"Bless my soul," cried the astonished Mr. Pickwick; "Mrs. Bardell, my good woman — dear me, what a situation — pray consider. — Mrs. Bardell, don't — if anybody should come —"
"Oh, let them come," exclaimed Mrs. Bardell frantically; "I’ll never leave you — dear, kind, good soul;" and, with these words, Mrs. Bardell clung the tighter.
"Mercy upon me," said Mr. Pickwick, struggling violently, "I hear somebody coming up the stairs. Don’t, don’t, there’s a good creature, don’t." But entreaty and remonstrance were alike unavailing; for Mrs. Bardell had fainted in Mr. Pickwick’s arms; and before he could gain time to deposit her on a chair, Master Bardell entered the room, ushering in Mr. Tupman, Mr. Winkle, and Mr. Snodgrass.
Mr. Pickwick was struck motionless and speechless. He stood with his lovely burden in his arms, gazing vacantly on the countenances of his friends, without the slightest attempt at recognition or explanation. They, in their turn, stared at him; and Master Bardell, in his turn, stared at everybody.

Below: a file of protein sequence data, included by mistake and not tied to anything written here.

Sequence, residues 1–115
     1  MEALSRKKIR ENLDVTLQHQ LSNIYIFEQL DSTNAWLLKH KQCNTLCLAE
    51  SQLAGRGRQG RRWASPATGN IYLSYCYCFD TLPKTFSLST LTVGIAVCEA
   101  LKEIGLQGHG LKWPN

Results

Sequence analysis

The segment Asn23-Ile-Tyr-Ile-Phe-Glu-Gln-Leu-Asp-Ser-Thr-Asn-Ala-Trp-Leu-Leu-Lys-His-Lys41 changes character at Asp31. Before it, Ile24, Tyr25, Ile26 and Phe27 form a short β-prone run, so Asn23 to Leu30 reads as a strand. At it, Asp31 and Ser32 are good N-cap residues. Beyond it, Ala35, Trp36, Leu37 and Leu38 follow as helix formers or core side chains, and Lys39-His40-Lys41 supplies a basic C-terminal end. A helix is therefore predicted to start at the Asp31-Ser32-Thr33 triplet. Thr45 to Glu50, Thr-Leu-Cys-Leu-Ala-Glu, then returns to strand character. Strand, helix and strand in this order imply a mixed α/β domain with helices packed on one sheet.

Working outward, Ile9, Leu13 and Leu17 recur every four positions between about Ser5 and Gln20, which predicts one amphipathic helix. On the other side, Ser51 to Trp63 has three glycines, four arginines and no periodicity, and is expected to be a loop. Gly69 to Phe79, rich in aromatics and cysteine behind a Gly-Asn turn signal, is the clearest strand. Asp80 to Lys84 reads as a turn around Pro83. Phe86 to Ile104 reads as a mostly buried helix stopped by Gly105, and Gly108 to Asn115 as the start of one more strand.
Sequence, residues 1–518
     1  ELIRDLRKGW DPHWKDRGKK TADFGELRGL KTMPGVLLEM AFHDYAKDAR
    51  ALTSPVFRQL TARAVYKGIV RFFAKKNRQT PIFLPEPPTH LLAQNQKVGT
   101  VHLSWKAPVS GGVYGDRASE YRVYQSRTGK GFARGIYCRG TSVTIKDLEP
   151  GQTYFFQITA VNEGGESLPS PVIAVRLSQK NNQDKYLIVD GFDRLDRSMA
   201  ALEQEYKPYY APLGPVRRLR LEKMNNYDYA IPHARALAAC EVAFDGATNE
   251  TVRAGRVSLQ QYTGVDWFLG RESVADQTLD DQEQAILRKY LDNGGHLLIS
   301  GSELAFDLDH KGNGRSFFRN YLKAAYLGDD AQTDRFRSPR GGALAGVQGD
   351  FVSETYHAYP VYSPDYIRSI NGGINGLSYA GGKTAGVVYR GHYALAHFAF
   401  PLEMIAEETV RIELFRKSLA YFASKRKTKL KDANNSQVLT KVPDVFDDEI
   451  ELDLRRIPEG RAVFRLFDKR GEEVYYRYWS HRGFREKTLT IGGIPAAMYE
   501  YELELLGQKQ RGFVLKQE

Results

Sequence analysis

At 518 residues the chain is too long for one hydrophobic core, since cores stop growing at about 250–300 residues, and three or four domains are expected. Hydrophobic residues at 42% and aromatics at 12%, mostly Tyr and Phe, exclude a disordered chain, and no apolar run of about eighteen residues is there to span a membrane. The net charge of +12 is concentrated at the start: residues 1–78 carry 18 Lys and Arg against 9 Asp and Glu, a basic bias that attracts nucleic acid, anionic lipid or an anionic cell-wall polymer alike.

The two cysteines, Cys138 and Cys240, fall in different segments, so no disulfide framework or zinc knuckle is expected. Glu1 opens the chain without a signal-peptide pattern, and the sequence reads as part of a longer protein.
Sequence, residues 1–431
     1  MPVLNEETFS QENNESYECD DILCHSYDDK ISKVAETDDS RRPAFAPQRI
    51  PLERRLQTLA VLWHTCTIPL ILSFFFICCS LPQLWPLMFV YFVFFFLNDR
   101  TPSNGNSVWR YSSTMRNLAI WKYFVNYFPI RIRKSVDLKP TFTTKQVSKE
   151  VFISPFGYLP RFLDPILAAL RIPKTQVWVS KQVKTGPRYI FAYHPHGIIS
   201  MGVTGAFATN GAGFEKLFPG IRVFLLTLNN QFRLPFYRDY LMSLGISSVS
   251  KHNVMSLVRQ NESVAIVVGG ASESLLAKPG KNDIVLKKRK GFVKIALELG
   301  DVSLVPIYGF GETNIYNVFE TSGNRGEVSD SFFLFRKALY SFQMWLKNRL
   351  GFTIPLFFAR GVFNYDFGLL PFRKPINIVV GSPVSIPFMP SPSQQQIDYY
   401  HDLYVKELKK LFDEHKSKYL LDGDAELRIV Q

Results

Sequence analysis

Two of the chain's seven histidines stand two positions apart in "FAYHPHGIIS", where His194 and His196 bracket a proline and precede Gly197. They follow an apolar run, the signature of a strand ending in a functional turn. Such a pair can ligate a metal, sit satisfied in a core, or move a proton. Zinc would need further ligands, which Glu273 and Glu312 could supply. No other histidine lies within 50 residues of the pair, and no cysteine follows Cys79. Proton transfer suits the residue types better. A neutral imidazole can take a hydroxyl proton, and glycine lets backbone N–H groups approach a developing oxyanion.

The astonishment of the Pickwickians was so absorbing, and the perplexity of Mr. Pickwick was so extreme, that they might have remained in exactly the same relative situations until the suspended animation of the lady was restored, had it not been for a most beautiful and touching expression of filial affection on the part of her youthful son. Clad in a tight suit of corduroy, spangled with brass buttons of a very considerable size, he at first stood at the door astounded and uncertain; but by degrees, the impression that his mother must have suffered some personal damage pervaded his partially developed mind, and considering Mr. Pickwick as the aggressor, he set up an appalling and semi-earthly kind of howling, and butting forward with his head, commenced assailing that immortal gentleman about the back and legs, with such blows and pinches as the strength of his arm, and the violence of his excitement, allowed.
"Take this little villain away," said the agonised Mr. Pickwick, "he's mad. "